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Tips on growing 70-bushel-an-acre canola

Good agronomy, higher input costs and more work, including split fertilizer applications, are the key, says farmer Florian Hagmann

When growing a 70-bushel-an-acre canola crop it’s the “little things that matter.”

That’s advice Florian Hagmann, who farms at Birch Hills, in north-central Saskatchewan, offered farmers attending Ag Days here Jan. 16.

Hagmann, whose 2017 canola averaged 70 bushels on 5,000 acres, emphasized good agronomy is more important than new equipment. So is hard work and applying more inputs.

“I don’t use fancy equipment,” he said.

“Equipment is a small part of the farm. It will help you do more acres, but if you have the (right) seed placement and the right product (nutrient) placement that’s what makes success.”

He likened it to grandma’s baking. Success comes from the ingredients and baking skills, despite the old pots and pans.

And while pushing higher yields adds risk, which needs to be considered, there is also the potential for a bigger payday, Hagmann said.

It’s the little things that matter when attempting to produce a 70-bushel-an-acre canola crop, Birch Hills, Sask., farmer Florian Hagmann said at Ag Days, Jan.16.
photo: Allan Dawson

A 50-bushel-an-acre canola crop worth $10 a bushel grosses $500 an acre, netting Hagmann $100. But by applying another $100 an acre of inputs and reaping 90 bushels, Hagmann said net returns triple to $300 an acre.

With the cost of farming — including land — increasing, farmers need to produce higher yields and net profits, he said.

Not only does producing higher yields cost more in inputs, it’s also a lot more work, including split nutrient applications, which Hagmann said are key.

Risk is reduced by selecting fields with the highest yield potential based on the farmer’s experience, and only topping up inputs if the crop is doing well under good growing conditions, he said.

After selecting the right field, the farmer needs to set a yield target and know how many nutrients it will take to get there.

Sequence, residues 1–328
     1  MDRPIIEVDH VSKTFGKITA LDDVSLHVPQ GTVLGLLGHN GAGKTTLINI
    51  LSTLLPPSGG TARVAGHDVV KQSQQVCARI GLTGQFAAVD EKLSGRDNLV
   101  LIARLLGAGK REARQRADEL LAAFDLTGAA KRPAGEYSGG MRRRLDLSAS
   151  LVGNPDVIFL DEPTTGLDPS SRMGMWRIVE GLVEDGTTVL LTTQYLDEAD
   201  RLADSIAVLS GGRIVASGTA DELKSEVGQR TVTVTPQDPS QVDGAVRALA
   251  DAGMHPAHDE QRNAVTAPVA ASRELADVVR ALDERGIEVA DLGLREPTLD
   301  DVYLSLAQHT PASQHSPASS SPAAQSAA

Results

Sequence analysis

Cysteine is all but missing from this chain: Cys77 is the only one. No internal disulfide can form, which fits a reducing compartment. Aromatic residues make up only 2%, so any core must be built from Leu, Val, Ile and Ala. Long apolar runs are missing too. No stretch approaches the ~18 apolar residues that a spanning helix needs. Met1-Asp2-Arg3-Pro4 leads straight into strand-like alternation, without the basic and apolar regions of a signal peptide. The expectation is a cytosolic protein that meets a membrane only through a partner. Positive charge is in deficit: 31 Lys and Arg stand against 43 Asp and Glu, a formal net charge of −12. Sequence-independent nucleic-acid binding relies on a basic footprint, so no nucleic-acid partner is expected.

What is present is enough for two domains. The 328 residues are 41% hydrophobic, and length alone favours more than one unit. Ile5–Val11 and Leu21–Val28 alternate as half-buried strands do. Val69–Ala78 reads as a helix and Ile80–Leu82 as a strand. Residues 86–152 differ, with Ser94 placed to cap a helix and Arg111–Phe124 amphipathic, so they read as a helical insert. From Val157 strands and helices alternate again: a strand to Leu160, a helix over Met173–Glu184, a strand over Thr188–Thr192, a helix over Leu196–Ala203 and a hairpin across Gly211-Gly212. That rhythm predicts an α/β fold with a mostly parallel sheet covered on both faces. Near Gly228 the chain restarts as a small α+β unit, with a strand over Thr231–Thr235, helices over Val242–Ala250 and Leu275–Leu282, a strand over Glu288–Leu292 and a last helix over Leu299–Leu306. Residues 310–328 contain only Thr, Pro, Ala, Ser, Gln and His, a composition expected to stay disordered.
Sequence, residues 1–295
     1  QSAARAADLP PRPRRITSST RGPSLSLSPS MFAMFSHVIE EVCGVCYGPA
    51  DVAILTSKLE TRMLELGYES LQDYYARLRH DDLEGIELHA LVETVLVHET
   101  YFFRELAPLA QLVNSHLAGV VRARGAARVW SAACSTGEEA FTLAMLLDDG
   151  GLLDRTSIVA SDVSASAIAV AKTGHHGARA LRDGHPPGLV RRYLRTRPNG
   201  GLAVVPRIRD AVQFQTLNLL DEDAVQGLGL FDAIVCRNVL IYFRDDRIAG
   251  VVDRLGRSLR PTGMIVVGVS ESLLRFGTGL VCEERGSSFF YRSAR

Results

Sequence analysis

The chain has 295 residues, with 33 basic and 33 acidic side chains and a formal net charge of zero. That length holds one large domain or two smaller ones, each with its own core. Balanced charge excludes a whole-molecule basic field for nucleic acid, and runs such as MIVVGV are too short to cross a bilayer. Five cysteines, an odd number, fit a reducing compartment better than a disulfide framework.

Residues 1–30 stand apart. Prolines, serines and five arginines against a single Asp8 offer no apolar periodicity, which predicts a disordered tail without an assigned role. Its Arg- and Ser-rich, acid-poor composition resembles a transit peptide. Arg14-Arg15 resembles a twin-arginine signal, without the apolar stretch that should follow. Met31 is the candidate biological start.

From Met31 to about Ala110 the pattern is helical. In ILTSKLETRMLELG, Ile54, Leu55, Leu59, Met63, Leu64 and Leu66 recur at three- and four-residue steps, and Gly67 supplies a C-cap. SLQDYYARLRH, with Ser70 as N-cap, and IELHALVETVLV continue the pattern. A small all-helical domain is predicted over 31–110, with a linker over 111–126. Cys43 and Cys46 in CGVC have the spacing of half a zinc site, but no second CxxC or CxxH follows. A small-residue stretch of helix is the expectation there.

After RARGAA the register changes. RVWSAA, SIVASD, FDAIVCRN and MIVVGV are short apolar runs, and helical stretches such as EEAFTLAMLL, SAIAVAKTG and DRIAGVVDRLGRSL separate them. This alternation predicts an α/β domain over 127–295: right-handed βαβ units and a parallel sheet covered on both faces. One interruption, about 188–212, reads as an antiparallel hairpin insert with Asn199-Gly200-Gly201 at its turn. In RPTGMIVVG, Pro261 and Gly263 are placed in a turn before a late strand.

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An 80-bushel canola crop removes 152 pounds of nitrogen an acre, plus 96, 160 and 86 pounds of phosphorus, potassium and sulphur, respectively, he said, quoting A Pocket Guide to 4R Nutrient Stewardship.

The next step is determining the level of residual nutrients and soil moisture at seeding time.

The only way to achieve high yields is through good soil health, Hagmann said. That means increasing microbial activity, improving soil aeration and water-holding capacity to encourage quick seedling emergence and more and bigger plant roots enhancing nutrient uptake.

To avoid cold soils and possible frost, Hagmann told reporters he seeds cereal crops first and aims to plant canola by mid-May, when soil temperatures are 10 C or above.

Seeds are planted one-half to three-quarters of an inch deep in rows nine inches apart.

Hagmann aims for a population of 10 plants per square foot, which is higher than what’s usually recommended.

“If you demand more yield, you need more seed,” he said.

He applies about two-thirds of his fertilizer with the seed and side banded at seeding time. The goal is to get nutrients as close to the seed as possible without damaging it.

“You don’t try to feed a pig on the other side of the trough,” Hagmann said.

If the crop is looking good, Hagmann will side band or dribble on more nutrients 40 to 50 days after seeding, which is usually around herbicide application time.

Depending on the crop and growing conditions he might foliar apply nutrients later on.

“I really believe in a split application later in the season,” Hagmann said.

“Two or three more applications (of inputs) yeah, that’s more demanding, it’s more costly, but at the end of the day it was incredibly more profitable.”

Split applications make sense even when applying less nutrients, because the crop makes better use of it, Hagmann told reporters.

Early insect, weed and disease control are important to yield too.

Hagmann said his advice applies to any canola herbicide-tolerant system — Roundup Ready, Invigor or Clearfield.

Last year Hagmann used a 34-foot swather to cut his canola.

“It was a struggle,” he said.

The swaths were neck-high. Hagmann credited a high plant population and adequate levels of potassium for keeping crop lodging manageable.

The combine travels slowly when harvesting a high-yielding crop like that, he said.

It also requires a good straw chopper followed by a light harrowing to handle the crop residue, Hagmann said.

About the author

Reporter

Allan Dawson

Allan Dawson is a reporter with the Manitoba Co-operator based near Miami, Man. Covering agriculture since 1980, Dawson has spent most of his career with the Co-operator except for several years with Farmers’ Independent Weekly and before that a Morden-Winkler area radio station.

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